|The AmeriKat taking a break from all of her|
patent news catch-up....
- Allergan's patent extortion claims rejected by US Judge: US District Judge John Kronstandt in Santa Ana, California, ruled on 28 December 2015 that Allergan may refile its extortion case against venture fund, Ferrum Ferro Capital in California state court. Allergan alleges that Ferrum Ferro's inter partes review (IPR) to invalidate Allergan's patent for glaucoma drug Combigan amounted to extortion in that the IPR petition was "objectively baseless" and designed to pressure Allergan into paying a settlement. Allergan had sought to keep the matter for federal court on the basis that Ferrum Ferro's "abusive" conduct needed to be regulated by the federal court moving forward. Allergan's brief stated: "The attacks are solely an exploitative scheme of a few profit-driven individuals that have fabricated a new way to extort 'settlement' payments form legitimate patent holders. There is no evidence that any of these for-profit IPRs benefit society or are in line with the goals of the [America Invents Act]." In September, the USPTO declined to institute the IPR as Ferrum Ferro had not established with a reasonable likelihood that it would prevail with its argument that Allergan's patent was obvious. For more information, see these articles in BloombergBusiness and PatentDocs, To read the original complaint click here.
- Apple and Ericsson settle patent dispute: Before Christmas, Ericsson and Apple reached a global license agreement settling patent disputes in the US, US ITC, UK, Germany and the Netherlands relating to the long-term evolution standard. Under the agreement, Ericsson will be paid an undisclosed amount, together with ongoing royalties over the next seven years. For more information please see these articles in the Wall Street Journal , Reuters and Ars Technica.
- Celgene settlement paves way for generic Revlimid: As part of a patent litigation settlement, Celgene confirmed that it would licence Natco Pharma and its US partner Arrow International (part of Allergan) its patents protecting its blockbuster multiple myeloma drug, Revlimid. The licence will come into effect on 31 January 2026, a year before the expiry of some of the Revlimid patents in the US. Revlimid represented 65% of Celgene's product sales in 2014. Mylan is also reportedly trying to launch a Revlimid generic product. Readers may recall that this past October, Kyle Bass also managed to institute a IPR in respect of one of the Revlimid patents. For more information see Celgene's press release here.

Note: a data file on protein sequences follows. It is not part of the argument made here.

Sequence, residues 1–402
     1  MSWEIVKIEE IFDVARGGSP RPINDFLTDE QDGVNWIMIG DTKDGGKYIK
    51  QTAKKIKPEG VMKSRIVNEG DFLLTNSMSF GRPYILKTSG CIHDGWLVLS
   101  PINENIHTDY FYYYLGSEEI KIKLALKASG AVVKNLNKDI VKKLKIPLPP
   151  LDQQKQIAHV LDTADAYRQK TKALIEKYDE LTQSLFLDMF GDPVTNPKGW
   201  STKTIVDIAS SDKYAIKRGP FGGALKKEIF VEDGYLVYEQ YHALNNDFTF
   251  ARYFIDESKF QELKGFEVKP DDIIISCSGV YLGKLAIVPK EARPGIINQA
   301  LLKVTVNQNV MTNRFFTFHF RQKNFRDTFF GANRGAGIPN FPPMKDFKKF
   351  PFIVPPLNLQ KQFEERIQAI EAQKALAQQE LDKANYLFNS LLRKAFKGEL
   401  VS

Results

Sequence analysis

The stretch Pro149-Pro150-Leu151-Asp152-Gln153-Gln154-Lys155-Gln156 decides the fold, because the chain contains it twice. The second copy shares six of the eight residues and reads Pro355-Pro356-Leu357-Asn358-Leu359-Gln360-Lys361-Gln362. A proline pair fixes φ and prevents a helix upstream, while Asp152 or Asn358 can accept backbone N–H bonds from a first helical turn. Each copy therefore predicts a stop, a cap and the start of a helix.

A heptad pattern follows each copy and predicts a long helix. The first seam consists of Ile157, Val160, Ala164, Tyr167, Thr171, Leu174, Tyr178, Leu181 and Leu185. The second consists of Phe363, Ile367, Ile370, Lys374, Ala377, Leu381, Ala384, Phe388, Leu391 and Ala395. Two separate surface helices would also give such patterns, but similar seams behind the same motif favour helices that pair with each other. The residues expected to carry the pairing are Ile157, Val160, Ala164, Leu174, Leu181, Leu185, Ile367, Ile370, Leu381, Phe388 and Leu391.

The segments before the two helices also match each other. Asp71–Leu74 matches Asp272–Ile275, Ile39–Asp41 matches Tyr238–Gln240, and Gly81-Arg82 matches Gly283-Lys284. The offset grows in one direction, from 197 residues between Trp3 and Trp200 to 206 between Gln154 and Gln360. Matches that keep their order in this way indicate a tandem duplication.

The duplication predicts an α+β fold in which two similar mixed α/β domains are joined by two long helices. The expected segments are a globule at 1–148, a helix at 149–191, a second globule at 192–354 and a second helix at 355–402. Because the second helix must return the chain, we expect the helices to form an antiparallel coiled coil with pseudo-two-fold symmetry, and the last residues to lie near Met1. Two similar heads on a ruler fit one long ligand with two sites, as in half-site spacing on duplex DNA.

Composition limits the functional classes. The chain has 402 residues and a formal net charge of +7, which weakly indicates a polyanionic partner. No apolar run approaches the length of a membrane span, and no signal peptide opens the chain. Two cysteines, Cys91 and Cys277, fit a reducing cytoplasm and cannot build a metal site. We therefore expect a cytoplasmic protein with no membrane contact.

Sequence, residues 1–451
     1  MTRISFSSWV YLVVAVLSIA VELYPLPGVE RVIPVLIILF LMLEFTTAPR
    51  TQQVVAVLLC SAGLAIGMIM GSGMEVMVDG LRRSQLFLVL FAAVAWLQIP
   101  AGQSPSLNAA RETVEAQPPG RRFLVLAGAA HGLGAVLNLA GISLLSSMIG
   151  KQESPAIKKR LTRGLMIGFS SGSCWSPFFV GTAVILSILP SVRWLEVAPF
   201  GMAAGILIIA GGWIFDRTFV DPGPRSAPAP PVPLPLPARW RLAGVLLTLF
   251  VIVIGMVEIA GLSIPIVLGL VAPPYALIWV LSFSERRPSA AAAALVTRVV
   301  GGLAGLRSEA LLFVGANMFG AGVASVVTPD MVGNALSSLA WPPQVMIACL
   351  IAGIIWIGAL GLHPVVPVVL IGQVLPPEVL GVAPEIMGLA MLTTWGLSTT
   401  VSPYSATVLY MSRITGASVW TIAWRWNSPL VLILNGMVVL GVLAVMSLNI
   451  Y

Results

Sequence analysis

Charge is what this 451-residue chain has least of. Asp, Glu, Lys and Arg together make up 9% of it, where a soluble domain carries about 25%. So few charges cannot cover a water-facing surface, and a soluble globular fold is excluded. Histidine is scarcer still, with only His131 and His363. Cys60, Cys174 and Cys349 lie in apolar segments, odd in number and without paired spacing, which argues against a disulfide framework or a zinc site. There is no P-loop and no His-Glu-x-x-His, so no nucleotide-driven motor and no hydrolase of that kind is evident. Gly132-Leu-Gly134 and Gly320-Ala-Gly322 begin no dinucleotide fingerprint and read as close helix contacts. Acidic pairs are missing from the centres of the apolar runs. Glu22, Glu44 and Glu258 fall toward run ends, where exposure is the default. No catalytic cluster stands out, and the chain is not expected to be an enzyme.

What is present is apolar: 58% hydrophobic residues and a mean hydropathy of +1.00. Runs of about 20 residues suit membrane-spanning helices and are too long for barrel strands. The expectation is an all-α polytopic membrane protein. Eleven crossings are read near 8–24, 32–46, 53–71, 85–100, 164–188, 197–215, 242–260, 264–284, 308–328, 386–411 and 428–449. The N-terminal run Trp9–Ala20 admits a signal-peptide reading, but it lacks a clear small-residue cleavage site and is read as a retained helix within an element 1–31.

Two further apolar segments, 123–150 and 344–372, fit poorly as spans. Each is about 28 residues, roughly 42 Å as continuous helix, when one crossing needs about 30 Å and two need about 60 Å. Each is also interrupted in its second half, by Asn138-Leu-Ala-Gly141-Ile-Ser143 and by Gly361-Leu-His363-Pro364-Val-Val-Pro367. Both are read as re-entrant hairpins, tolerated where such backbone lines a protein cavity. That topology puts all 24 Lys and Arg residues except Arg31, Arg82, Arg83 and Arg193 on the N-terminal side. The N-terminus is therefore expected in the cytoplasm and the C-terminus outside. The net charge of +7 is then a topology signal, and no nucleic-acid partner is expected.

- Nvidia loses US ITC case as part of on-going Samsung battle: On 22 December 2015, ITC judge David Shaw held that Nvidia's Shield tablet infringed three of Samsung's patents relating to the circuit designs for chips which make them smaller, faster and more efficient. This is one of two ITC disputes between the parties, the first having been commenced by Nvidia against Samsung and Qualcomm. That case was subject to a decision on 14 December 2015 holding that none of Nvidia's rights were infringed - a decision Nvidia plans to appeal. Santa Clara based Nvidia generates the majority of its revenue from the sale of its graphics chips. However, it has reportedly struggled to get its chips used in smart phones and tablets. For more information, see these articles in Bloomberg and Nvidia's own blog post on the cases here.
- Samsung files Supreme court petition in Apple design patent damages case: Over the summer the AmeriKat wrote about Samsung's likely petition to the Supreme Court in its important damages case with Apple. Samsung finally took the step by lodging its petition with the US Supreme Court. The second question in its petition states: “Where a design patent is applied to only a component of a product, should an award of infringer’s profits be limited to those profits attributable to the component?" That is to say, should damages be calculated on the basis of the component or the entire product (which incorporates that component)? This is an important question that the AmeriKat hopes the Supreme Court will tackle. See these articles in CNET , the Financial Times and the Wall Street Journal.
- Cisco wins long-running wifi patent case: Last week, the US Court of Appeals for the Federal Circuit held that San-Jose based Cisco was not liable for directly infringing or inducing others to infringe Commil's patent protecting the method by which wireless signals are spread over large area. This reverses a previous $64 million judgment against Cisco. "The patent never had anything to do with our products and the millions of dollars spent defending this unmeritorious suit are a travesty, " commented Cisco's General Counsel Mark Chandler. Following the decision, Cisco's stock gained 0.44% according to The Street. For more information see these articles in Reuters.